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Lockdown happened & a lot of businesses went under, some were forced to shut down, layoff staff or innovate. After 6 months of heavy dry spell, one of my colleagues in the apparel business, (let’s call him Mr D) decided he was going to take the innovation route. Thread
His business was famously known for their ingenious of producing traditional African men’s wear in less than 24 hours. Properly packaged, clean finishing & affordable. Mr D knew this new crisis came with new challenges, albeit new opportunities. Just like him, a lot of SME
Apparel businesses too were affected, for most it meant an end of a journey, with no light at the end of the tunnel. Majority of their clients weren’t travelling, getting married or throwing parties any longer. People were not making or buying new celebratory outfits like before.
But there was a small, not so significant number, who still needed traditional outfits for meetings, travels or personal functions. They were essential workers, authorised business owners or couples getting married on Zoom. These numbers weren’t enough for most to subsidise the
cost of running fully with all the Govt restrictions in place & crackdowns that came with surviving the C*VID-19 onslaught. Nonetheless, it was the glimmer of hope needed to retain their customer base for any eventualities that may occur in their favour. Hope was now a product.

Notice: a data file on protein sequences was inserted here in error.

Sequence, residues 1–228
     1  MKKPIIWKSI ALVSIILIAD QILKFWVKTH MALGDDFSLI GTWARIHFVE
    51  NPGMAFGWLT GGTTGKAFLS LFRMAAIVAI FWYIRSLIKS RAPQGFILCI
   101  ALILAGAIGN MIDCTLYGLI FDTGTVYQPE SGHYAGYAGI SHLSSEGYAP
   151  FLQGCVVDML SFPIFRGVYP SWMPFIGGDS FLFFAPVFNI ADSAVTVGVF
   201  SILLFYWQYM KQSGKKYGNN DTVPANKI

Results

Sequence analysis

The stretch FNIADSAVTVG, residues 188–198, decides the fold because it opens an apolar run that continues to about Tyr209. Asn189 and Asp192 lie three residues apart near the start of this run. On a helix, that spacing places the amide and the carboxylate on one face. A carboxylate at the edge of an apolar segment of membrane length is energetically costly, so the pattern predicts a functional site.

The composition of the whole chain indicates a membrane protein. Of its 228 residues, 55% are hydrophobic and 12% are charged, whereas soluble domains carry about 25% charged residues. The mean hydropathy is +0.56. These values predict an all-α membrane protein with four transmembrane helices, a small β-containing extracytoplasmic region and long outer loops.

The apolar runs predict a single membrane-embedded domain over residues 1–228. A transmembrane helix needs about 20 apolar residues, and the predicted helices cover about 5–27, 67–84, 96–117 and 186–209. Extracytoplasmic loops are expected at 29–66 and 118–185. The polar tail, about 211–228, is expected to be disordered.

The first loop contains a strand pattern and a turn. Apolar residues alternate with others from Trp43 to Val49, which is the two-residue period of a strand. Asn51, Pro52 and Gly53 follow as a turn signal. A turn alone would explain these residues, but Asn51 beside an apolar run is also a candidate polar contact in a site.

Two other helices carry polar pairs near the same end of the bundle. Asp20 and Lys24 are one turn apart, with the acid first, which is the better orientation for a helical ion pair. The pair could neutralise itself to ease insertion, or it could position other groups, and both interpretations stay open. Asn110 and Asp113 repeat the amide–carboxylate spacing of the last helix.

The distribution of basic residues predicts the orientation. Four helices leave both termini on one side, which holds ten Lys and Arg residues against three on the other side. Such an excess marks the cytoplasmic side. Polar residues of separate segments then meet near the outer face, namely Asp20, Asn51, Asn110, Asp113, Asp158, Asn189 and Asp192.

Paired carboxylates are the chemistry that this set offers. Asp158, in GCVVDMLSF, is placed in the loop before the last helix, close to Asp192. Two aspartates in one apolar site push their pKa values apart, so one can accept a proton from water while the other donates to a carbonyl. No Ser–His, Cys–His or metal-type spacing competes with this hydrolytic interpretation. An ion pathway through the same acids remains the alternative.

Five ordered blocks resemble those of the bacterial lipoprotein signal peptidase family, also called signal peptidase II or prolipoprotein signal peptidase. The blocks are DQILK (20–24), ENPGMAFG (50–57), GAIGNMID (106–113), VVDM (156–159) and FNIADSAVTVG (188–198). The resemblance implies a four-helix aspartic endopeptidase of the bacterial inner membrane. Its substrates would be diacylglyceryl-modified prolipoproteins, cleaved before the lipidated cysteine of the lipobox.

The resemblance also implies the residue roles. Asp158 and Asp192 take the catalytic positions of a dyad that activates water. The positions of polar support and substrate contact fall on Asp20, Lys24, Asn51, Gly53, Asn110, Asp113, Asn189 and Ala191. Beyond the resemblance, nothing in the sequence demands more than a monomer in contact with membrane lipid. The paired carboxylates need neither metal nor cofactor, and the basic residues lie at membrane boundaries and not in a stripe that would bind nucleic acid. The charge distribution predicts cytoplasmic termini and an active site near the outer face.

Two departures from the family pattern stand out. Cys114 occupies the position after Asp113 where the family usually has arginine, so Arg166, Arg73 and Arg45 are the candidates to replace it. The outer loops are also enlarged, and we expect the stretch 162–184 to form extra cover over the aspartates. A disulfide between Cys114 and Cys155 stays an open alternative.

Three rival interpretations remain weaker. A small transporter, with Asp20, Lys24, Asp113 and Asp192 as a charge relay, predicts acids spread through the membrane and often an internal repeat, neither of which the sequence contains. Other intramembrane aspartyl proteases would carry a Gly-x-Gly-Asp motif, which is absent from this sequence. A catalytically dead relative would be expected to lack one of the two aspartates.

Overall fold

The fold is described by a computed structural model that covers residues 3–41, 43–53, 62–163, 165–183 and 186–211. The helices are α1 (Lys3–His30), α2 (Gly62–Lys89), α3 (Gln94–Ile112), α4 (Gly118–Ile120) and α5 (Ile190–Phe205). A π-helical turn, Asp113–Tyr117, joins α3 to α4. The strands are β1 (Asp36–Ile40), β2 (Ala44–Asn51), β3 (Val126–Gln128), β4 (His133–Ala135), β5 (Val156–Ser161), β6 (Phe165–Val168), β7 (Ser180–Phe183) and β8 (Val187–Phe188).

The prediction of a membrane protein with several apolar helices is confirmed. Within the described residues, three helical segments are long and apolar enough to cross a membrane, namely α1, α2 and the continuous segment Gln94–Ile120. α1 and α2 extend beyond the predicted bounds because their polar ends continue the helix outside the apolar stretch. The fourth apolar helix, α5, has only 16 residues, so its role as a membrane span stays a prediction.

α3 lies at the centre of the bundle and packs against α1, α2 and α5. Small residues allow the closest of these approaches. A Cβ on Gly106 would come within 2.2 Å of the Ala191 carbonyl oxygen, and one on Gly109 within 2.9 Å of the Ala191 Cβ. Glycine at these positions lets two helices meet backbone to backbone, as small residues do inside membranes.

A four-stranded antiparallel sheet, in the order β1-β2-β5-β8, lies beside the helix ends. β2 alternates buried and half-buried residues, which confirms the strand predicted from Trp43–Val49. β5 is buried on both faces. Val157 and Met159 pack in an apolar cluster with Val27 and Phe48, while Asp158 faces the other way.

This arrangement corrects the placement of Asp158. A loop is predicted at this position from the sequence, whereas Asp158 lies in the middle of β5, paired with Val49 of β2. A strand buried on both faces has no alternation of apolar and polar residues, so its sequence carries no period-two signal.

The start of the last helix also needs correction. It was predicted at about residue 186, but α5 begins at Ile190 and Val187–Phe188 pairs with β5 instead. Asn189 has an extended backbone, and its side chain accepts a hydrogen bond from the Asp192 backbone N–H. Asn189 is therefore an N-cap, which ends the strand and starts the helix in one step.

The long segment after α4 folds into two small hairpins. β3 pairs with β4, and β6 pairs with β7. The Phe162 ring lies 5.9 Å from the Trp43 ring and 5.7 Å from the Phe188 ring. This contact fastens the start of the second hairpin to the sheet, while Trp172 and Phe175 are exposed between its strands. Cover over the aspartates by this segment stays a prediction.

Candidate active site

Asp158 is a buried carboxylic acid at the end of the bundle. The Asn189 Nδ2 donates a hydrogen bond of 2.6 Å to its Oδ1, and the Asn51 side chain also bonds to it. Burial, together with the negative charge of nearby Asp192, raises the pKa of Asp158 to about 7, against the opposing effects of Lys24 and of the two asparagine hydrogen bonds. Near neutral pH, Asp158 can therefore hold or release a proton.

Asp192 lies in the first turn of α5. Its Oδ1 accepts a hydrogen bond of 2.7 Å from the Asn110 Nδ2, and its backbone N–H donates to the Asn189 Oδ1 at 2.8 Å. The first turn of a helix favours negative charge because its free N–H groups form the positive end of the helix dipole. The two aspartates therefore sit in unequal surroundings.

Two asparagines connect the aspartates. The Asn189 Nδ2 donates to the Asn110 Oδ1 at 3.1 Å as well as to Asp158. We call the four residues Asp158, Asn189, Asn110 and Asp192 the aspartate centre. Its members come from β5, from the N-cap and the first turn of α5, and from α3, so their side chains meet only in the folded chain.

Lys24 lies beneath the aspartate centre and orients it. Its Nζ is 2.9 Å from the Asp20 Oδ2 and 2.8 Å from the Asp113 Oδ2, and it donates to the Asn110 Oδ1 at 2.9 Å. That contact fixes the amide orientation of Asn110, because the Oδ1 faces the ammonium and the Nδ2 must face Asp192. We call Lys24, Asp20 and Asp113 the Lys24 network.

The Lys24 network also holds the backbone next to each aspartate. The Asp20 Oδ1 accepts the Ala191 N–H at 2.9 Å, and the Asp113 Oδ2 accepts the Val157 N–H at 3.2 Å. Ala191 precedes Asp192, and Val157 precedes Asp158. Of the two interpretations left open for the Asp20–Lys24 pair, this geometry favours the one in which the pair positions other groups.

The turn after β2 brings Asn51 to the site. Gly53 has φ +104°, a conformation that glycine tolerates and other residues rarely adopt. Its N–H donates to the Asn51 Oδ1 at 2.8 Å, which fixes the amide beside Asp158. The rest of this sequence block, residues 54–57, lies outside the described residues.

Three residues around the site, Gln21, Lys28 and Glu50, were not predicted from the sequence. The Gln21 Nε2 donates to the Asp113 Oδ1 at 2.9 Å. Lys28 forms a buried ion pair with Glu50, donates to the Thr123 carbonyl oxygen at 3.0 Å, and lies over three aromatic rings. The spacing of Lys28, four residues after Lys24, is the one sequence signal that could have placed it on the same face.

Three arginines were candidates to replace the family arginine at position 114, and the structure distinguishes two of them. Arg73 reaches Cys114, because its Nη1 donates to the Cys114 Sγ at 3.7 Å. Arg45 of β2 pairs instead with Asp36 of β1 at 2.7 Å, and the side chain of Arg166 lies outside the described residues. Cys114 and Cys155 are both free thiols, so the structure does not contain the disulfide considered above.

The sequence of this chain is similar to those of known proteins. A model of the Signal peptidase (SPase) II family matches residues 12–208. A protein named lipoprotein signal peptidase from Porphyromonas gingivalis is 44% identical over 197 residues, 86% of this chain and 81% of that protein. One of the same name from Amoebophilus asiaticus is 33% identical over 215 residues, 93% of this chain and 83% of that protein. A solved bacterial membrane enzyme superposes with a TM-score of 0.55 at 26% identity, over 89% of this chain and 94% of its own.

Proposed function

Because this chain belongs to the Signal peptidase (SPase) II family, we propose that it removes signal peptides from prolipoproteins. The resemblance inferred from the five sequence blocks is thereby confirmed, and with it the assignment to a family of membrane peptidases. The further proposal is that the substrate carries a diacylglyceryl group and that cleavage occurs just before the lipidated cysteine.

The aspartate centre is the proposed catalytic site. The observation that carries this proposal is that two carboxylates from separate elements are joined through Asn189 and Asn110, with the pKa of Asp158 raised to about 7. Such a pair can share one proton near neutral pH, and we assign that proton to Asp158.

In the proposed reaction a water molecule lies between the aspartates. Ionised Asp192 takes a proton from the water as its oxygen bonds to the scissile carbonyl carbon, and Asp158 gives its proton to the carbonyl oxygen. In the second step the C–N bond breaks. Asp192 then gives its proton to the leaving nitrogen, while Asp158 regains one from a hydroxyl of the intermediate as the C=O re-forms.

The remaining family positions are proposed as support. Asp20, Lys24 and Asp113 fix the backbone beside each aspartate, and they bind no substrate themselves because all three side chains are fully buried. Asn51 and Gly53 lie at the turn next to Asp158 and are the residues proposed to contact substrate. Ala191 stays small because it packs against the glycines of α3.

Mr D decided to restructure his business to cater to other direct competitors who needed to make traditional menswear quickly, who also didn’t have steady orders like before but didn’t want to bear the cost of paying staff, running at full capacity & losing their loyal customers.
The business model was simple: 1. Set price for all outfits. 2. Place Order 3. Pick up Same business model as usual, the difference was he was reaching out to his competitors & offering hope. He didn’t have to layoff his staff, full capacity & the main focus was other businesses.
When I sat down to speak with someone I know who produces tomato sauce, I told her the same thing: Diversify your business. A simple tweak in your business model will either keep or kill it. Now she does 3rd party blending for other FMCG startups. You either adapt or innovate.
Innovation most times isn’t a new product or service, but a small nudge from 0 to 0.1 to cater to a newly discovered market demand, created out of chaos. For most, it’s merger & acquisition, or just a slight tilt of focus towards the right direction, to see hope take a new form.

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Samuel Otigba

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